Denver City Council Adding Option of Virtual Meeting for Members

Denver City Council is going virtual.
Denver City Council is going virtual.
Denver City Council
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Denver City Council is officially entering the year 2020.

Today, March 23, council will vote on emergency rules that would allow for members who have possibly been exposed to the coronavirus to phone in to council meetings rather than be present in council chambers.

The policy switch, which should pass unanimously and then take effect when signed by Mayor Michael Hancock, is designed so that council can continue providing "essential government services" and also ensure that meetings remain transparent to members of the public.

Members of the public will still have TV and online access to meetings, according to the proposed rule, and will also be allowed to attend physical meetings.

The rule switch comes as Governor Jared Polis is instructing people to work from home if possible, and also practice social distancing. On March 22, Polis issued an order asking that all companies that aren't considered essential reduce their in-person workforce by at least 50 percent while having the rest work from home. These instructions come after local and statewide stipulations that restaurants and bars shut down in-person service. Gyms and casinos, along with other types of venues, are also closed down statewide.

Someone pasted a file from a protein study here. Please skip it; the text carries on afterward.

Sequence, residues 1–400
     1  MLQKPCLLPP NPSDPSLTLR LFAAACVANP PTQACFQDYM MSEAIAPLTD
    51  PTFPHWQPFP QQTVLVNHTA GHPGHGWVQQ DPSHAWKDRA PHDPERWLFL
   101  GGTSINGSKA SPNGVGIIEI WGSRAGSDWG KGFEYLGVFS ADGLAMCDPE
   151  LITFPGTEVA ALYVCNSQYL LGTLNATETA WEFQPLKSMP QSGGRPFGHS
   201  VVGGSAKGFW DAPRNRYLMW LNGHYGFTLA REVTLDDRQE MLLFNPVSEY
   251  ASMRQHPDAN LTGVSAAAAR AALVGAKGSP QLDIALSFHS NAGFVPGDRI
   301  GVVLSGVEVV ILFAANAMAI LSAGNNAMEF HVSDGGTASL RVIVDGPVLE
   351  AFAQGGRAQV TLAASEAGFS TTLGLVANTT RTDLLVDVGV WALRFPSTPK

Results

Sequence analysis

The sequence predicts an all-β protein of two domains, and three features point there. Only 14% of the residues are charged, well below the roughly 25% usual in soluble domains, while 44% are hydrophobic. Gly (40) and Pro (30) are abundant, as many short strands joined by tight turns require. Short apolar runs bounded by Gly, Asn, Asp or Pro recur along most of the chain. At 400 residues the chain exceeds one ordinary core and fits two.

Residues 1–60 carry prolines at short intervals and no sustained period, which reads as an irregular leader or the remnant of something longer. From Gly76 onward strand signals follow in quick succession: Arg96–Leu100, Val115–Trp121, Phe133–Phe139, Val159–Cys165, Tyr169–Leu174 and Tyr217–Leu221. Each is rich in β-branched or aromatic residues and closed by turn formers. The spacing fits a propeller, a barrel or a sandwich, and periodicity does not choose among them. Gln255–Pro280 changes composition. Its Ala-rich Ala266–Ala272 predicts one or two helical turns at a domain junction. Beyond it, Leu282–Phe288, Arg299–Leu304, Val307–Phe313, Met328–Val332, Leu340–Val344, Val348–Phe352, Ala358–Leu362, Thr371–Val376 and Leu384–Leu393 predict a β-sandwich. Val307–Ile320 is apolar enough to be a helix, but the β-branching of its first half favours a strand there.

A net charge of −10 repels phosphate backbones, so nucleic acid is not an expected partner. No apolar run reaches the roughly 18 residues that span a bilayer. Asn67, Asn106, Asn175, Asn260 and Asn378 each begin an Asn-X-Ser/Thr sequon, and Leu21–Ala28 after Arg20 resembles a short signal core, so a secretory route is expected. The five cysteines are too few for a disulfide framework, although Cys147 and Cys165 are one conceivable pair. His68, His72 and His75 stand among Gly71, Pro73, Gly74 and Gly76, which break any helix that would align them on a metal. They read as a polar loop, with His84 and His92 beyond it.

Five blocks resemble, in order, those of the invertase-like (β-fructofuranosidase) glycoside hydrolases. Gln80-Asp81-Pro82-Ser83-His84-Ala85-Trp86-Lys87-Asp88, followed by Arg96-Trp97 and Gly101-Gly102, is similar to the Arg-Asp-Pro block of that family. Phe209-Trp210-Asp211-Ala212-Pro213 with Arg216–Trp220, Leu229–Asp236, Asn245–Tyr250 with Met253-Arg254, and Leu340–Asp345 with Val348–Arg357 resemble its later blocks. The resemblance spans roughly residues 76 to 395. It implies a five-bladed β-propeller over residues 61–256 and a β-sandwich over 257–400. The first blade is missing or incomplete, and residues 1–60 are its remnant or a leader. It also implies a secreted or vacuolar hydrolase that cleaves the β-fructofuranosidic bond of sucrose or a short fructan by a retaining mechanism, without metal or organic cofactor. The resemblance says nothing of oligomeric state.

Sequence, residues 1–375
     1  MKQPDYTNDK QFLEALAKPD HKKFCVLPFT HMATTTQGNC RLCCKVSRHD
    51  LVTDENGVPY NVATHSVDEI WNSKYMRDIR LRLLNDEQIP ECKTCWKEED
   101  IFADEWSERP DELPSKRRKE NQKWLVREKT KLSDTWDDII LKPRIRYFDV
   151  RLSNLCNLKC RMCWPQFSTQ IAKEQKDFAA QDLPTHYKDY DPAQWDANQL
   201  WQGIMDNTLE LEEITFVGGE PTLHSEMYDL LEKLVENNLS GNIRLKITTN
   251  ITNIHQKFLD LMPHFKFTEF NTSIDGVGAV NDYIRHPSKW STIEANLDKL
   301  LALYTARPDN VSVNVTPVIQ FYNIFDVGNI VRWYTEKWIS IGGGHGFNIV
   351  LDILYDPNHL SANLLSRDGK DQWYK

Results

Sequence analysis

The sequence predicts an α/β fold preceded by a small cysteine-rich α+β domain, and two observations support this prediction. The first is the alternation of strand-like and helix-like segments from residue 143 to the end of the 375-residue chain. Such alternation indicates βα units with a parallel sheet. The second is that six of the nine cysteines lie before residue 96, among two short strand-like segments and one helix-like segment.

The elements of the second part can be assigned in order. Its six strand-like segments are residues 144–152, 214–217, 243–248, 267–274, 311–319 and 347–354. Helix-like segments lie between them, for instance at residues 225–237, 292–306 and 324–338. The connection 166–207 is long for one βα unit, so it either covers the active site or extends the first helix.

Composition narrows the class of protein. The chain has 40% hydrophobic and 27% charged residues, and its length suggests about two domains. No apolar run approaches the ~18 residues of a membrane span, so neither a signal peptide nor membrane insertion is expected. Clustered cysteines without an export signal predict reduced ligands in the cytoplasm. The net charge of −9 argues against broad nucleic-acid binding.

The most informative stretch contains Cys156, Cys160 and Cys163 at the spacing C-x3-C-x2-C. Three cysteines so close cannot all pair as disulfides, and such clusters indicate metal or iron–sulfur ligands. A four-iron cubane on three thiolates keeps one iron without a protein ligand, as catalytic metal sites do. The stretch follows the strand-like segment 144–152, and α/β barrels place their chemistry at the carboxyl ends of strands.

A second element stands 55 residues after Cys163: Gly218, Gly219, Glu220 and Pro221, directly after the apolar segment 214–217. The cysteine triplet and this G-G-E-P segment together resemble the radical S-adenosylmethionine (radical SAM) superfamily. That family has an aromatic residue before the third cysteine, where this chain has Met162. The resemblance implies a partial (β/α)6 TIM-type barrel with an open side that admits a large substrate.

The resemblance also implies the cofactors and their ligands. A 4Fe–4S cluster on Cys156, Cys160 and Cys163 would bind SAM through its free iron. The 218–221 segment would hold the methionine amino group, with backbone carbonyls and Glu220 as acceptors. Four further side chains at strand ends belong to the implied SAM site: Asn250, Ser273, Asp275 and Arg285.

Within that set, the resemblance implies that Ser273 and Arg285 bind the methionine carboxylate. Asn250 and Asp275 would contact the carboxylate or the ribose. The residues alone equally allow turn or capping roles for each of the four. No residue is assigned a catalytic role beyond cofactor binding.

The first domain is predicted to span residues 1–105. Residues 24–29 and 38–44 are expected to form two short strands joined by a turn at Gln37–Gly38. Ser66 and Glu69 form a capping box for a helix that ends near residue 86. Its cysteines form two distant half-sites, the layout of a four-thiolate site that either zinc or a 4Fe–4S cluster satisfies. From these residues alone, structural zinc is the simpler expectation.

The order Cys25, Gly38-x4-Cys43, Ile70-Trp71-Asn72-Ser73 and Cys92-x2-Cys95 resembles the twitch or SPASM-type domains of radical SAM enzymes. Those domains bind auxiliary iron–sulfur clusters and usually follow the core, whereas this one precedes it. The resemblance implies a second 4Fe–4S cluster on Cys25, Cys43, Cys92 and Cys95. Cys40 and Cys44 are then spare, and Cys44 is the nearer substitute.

The virtual-meeting rules, which will apply to weekly council meetings, council committee meetings, and city boards and commissions meetings, will not affect the physical presence requirement for quasi-judicial hearings, including when a re-zoning proposal comes before Denver City Council. In the coming weeks, city staff will explore whether the city has the ability to add a virtual component to quasi-judicial hearings.

Since Hancock has declared a state of emergency through May 11, the new rules will remain in place at least until that date.

Members of Denver City Council — in particular, council president Jolon Clark — have been working over the past week to figure out how to continue meeting in the event that members of council are forced to self-quarantine because of COVID-19 exposure; the current charter calls for in-person meetings.

On March 16, the last full council meeting, only nine out of thirteen members were present. If three more had been absent, then the council would have been unable to meet, since the presence of seven members is required to establish a quorum. All council committee meetings had already been canceled for that week.

Clark had been exploring a possible ordinance change to establish virtual meeting capabilities. But since the legislative counsel from the Denver City Attorney's Office appears to have rejected that idea as not allowed under the city charter, he opted for the emergency rulemaking option.

Other city councils are also moving into the virtual realm.

Aurora City Council, for example, will have a wholly virtual meeting tonight, with members of the public allowed to submit comments for the public-comment period or specific agenda items by calling or emailing the city.

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